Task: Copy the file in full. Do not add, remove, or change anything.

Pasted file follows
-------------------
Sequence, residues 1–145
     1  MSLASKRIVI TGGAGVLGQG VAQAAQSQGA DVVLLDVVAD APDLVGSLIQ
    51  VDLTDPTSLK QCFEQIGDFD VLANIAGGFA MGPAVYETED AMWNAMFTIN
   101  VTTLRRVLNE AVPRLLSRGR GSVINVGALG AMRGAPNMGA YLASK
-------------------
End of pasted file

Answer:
Sequence, residues 1–145
     1  MSLASKRIVI TGGAGVLGQG VAQAAQSQGA DVVLLDVVAD APDLVGSLIQ
    51  VDLTDPTSLK QCFEQIGDFD VLANIAGGFA MGPAVYETED AMWNAMFTIN
   101  VTTLRRVLNE AVPRLLSRGR GSVINVGALG AMRGAPNMGA YLASK